Peggy Fields, who retired from the Fort Roberdeau Association board of directors, was recognized this week by the Blair County commissioners for her 38 years of service on this county advisory board that provides guidance and support for the Fort’s preservation and educational mission.
Fields has been a volunteer at the Fort for 40 years. She plans to continue volunteering as she is able for school tours and events, as she has been doing since 1978. Fields will turn 90 January 14.
In the proclamation by Commissions presented at this week’s meeting, Fields was described as an educator and mentor who shares her knowledge and expertise with the public, students and other guides, nurturing volunteers interested in becoming living history interpreters of period nothing, hearth cooking, colonial food, 18th century dining, frontier life and artifacts.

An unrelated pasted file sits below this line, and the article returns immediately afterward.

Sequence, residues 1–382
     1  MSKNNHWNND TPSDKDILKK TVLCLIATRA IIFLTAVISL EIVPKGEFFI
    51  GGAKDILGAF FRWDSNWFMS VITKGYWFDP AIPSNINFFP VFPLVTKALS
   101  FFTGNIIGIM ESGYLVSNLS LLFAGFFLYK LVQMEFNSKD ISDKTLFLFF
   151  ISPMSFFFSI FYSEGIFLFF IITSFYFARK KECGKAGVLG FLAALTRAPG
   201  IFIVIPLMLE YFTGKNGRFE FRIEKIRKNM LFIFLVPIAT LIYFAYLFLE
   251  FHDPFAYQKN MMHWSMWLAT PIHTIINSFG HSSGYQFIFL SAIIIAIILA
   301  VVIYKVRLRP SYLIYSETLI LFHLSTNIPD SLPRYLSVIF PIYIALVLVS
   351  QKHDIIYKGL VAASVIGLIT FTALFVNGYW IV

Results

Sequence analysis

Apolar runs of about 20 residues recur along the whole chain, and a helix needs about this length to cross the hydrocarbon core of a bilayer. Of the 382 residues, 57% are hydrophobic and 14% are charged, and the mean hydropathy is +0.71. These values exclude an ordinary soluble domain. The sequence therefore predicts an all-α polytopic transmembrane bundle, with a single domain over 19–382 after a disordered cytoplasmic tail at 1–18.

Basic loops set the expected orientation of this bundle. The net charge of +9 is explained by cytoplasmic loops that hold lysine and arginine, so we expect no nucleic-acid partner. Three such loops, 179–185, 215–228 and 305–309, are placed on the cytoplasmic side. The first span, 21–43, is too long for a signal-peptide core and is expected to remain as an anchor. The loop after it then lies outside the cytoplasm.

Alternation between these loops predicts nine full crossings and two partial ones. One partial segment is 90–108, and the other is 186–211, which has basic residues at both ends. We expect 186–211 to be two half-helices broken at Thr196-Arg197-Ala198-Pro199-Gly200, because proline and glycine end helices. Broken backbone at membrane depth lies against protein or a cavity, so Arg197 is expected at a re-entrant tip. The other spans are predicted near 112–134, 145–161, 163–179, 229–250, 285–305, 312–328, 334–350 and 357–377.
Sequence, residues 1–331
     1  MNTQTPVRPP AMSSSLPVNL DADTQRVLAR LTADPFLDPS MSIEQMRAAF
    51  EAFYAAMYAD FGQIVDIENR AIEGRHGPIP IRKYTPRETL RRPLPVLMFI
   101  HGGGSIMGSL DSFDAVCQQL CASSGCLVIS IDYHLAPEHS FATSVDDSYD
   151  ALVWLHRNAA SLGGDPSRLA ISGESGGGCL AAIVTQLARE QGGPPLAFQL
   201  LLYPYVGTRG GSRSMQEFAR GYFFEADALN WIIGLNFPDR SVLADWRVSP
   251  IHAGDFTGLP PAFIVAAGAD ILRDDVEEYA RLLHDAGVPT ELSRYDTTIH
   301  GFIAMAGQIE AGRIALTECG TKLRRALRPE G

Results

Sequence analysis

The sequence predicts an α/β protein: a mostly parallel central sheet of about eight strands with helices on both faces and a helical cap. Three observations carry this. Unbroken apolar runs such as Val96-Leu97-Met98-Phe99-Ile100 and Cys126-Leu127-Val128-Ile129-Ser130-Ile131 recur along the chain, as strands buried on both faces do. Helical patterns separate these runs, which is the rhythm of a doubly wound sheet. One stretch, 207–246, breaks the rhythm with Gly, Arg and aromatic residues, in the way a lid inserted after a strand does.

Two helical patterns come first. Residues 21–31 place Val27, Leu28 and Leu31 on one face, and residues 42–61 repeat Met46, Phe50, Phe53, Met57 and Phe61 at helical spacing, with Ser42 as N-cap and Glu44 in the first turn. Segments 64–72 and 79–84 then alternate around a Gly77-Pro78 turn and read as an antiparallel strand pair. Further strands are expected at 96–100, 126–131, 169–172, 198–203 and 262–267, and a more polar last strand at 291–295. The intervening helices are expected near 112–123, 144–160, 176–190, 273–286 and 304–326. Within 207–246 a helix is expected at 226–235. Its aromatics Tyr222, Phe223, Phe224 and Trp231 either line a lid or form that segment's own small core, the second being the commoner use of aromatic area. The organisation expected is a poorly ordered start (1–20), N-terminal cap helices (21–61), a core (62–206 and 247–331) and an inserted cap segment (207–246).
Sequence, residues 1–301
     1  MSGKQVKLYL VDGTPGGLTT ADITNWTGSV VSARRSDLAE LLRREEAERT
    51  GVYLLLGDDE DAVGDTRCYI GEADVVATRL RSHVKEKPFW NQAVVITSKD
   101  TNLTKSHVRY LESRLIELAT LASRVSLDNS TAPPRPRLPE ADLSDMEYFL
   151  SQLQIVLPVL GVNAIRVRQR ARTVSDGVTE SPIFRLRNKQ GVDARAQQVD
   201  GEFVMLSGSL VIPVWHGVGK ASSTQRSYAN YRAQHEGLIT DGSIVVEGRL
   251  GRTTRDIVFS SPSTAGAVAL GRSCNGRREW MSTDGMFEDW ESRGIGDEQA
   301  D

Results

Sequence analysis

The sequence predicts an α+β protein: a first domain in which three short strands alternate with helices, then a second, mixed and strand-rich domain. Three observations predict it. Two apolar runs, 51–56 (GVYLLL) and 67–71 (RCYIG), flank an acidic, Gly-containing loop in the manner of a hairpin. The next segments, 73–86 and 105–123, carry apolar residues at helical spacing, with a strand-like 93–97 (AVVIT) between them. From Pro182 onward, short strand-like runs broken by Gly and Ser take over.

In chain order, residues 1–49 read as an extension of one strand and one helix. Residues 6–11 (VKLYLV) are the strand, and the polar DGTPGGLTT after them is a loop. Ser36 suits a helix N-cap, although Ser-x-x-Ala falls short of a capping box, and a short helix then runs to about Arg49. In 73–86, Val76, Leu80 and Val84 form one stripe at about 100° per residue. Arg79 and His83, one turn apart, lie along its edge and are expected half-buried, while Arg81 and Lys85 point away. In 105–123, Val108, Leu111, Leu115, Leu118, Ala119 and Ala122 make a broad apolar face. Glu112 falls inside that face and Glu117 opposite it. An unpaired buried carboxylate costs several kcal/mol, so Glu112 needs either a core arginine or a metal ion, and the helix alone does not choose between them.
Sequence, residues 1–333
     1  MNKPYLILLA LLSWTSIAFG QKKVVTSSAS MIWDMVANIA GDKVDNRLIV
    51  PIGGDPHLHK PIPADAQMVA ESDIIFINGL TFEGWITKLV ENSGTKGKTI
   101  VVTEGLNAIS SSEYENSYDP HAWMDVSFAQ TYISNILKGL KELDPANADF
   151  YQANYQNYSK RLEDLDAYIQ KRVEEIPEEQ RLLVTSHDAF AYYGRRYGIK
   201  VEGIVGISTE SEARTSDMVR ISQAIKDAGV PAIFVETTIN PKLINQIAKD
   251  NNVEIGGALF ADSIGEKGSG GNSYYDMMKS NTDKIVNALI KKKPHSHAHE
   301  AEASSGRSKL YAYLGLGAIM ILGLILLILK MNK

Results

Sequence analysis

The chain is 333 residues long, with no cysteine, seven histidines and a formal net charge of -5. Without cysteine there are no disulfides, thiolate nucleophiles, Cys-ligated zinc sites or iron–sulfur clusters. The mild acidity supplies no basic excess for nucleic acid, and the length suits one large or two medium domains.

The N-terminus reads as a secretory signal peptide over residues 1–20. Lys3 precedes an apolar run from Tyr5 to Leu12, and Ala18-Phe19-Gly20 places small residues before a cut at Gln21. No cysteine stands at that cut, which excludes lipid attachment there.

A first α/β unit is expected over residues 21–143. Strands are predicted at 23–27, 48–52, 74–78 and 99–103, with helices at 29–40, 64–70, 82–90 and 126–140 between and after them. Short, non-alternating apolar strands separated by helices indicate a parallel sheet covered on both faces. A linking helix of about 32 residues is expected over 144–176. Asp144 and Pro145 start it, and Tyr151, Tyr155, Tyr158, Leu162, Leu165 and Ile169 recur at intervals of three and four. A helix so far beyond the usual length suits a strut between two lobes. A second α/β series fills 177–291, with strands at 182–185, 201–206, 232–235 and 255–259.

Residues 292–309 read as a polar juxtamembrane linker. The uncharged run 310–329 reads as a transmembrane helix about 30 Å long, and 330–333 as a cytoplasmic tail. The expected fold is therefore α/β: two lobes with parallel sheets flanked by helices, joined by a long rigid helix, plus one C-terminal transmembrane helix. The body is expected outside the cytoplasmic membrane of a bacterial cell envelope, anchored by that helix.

Among her many accomplishments over the years, Fields inspired Distaff Days: A Woman’s Frontier Skills Weekend, first held at the Fort in 2016. The program demonstrated how men and women worked together on the frontier and showed the frontier woman’s everyday work.
In addition, Fields directed the development of the colonial period wardrobe for events at the Fort. From the proclamation, “Peggy’s volunteer efforts as a mentor an educator have been an integral part of the success of the Fort Roberdeau Historic Site for four decades, almost since the Fort’s dedication and grand opening in 1976.”
The Board of Commissioners recognized Fields for her many years of service and also congratulated her on her retirement.